O.C.G.A. 21-2-529 If the result of the primary or election is confirmed, the petition dismissed, or the prosecution fails, judgment shall be rendered against the contestant for costs
Burden of proof
Recently, a lawsuit was filed claiming that Mr. Obama is not qualified to run for President and should not appear on Georgia’s ballot. See Terry v. Handel, In the Superior Court of Fulton County, State of Georgia, Civil Action File No. 2008CV158774. On October 24, 2008, the Court entered an Order recognizing that in Georgia, as elsewhere in the United States, voters cast their ballots for “presidential electors,” rather than directly for a candidate, when voting for the office of President of the United States. See, e.g., U.S. Const. art. II, § 1, cl. 3; O.C.G.A. § 21-2-172. Because of this, the Secretary of State of Georgia does not have the authority to refuse to allow someone to be listed as a candidate for President of the United States when such individual has been properly nominated by a political party. See O.C.G.A. §§ 21-2-172 to 21-2-200. Rather, Georgia law imposes duties simply for the examination of presidential electors. O.C.G.A. § 21-2-172. The political parties’ candidates for President of the United States are typically determined through a political party’s convention. O.C.G.A. § 21-2-191 to 21-2-200. Therefore, any concerns you may have regarding the qualifications of Mr. Obama to remain on Georgia’s ballot as a candidate for President of the United States should be directed to the Democratic National Party.
I hope this information is helpful to you and thank you for your concern.
Rhonda M. Brown
SOS Elections Division
Terry v Handel
- Fulton Superior Court 08CV158774S Dismissed, Oct 24, 2008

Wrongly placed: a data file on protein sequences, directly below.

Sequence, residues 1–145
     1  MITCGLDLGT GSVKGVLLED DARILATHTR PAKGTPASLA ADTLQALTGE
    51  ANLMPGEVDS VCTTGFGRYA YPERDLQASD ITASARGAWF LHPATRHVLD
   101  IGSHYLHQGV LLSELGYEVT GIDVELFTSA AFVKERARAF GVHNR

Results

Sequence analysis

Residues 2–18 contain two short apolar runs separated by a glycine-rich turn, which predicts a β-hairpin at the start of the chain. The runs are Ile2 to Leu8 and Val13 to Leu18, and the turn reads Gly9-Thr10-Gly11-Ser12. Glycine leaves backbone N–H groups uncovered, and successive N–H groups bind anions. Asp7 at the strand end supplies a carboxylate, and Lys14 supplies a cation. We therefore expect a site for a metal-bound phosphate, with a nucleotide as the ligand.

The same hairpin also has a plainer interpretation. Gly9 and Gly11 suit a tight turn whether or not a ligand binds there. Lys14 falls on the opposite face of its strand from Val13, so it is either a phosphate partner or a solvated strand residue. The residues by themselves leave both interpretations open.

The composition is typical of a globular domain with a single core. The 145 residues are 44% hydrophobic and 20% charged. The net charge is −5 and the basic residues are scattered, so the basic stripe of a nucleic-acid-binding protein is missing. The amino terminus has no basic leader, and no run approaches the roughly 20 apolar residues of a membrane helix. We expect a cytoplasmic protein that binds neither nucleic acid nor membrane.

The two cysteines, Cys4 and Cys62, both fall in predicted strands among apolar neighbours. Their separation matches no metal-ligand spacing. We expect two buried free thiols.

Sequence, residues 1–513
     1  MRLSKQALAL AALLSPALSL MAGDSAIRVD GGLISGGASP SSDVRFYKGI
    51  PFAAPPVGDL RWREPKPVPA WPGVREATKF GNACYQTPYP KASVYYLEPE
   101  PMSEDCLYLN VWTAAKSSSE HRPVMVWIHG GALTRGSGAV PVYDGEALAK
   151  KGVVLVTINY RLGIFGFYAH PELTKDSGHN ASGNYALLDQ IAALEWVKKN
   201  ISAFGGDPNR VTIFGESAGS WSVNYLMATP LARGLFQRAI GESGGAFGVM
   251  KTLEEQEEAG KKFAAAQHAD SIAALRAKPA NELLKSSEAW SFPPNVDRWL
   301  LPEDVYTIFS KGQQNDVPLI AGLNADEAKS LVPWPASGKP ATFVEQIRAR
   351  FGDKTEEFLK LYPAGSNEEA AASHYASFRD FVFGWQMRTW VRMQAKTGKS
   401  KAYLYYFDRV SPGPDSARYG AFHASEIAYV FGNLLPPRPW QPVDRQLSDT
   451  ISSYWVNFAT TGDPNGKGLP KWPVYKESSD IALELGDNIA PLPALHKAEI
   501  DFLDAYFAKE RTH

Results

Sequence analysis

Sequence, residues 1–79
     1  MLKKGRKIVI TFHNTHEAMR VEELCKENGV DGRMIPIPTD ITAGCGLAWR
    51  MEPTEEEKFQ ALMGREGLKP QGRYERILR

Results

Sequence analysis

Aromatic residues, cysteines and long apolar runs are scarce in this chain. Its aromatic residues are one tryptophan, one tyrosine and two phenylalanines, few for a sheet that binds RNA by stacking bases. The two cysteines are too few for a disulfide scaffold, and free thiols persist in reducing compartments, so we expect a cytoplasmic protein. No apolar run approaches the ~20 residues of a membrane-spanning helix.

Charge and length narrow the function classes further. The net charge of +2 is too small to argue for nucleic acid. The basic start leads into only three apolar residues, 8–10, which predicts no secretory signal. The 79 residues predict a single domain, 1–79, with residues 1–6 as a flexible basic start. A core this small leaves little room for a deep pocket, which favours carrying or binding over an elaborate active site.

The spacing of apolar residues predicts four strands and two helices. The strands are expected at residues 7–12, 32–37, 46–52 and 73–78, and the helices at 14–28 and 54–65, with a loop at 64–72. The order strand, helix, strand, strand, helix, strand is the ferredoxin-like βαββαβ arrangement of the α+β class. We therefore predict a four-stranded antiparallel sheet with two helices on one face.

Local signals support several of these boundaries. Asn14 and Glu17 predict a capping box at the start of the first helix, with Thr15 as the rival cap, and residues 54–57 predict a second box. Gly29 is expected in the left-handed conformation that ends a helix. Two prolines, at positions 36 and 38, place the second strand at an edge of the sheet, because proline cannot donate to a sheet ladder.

- GA Supreme Court S09A1373 Dismissed, May 18, 2009 (all justices concur)
There are rulings by the Court in Haynes v Wells and O’Brien v Gross, citing Haynes, that suggest that for state representatives and state offices, the burden of proof lies with the defendant. It is not clear if the statutes cited apply to Presidential candidates. During the primary the voters vote for the candidate, during the elections, the voters vote for the presidential electors. Some states allow objections to be filed to the filing of the nominating papers of a Candidate.
- Haynes v. Wells, 538 SE 2d 430 – 2000
Referencing OCGA § 21-2-132(e) and OCGA § 21-2-153(e) *May not apply to presidential candidates)
The relevant statutes, discussed in Division 2, supra, required Haynes to file an affidavit attesting that he was eligible to vote in the fifth district. Thus, the statutes place the affirmative obligation on Haynes to establish his qualification for office. Wells is not required to disprove anything regarding Haynes’s eligibility to run for office, as the entire burden is placed upon Haynes to affirmatively establish his eligibility for office. He failed to make that showing. Hence, his candidacy for the fifth district seat was invalid.
- Farrar et al v Obama - David Farrar, Lea Lax, Cody Judy, Thomas Malaren and Laurie Roth – Orly Taitz
- Powell v Obama - Powell & Hatfield Kevin Richard Powell
- Swensson v Obama – Swensson & Hatfield – Carl Swensson
- Welden v Obama Welden & Van Irion – David P Welden
- Blanchard v Obama -
- Paul Andrew Mitchell – Amicus Curiae Request
- Paul Maas Risenhoover – Pro Se